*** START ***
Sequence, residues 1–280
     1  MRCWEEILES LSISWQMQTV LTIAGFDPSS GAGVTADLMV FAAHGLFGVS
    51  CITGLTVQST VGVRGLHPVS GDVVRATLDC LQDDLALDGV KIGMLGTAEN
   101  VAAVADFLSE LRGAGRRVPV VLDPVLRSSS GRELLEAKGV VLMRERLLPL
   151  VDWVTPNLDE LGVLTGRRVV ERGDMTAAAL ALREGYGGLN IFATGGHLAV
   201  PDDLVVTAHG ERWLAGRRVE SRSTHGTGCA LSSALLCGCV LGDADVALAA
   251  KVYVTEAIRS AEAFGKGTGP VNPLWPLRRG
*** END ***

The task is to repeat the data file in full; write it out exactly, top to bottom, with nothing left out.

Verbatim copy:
Sequence, residues 1–280
     1  MRCWEEILES LSISWQMQTV LTIAGFDPSS GAGVTADLMV FAAHGLFGVS
    51  CITGLTVQST VGVRGLHPVS GDVVRATLDC LQDDLALDGV KIGMLGTAEN
   101  VAAVADFLSE LRGAGRRVPV VLDPVLRSSS GRELLEAKGV VLMRERLLPL
   151  VDWVTPNLDE LGVLTGRRVV ERGDMTAAAL ALREGYGGLN IFATGGHLAV
   201  PDDLVVTAHG ERWLAGRRVE SRSTHGTGCA LSSALLCGCV LGDADVALAA
   251  KVYVTEAIRS AEAFGKGTGP VNPLWPLRRG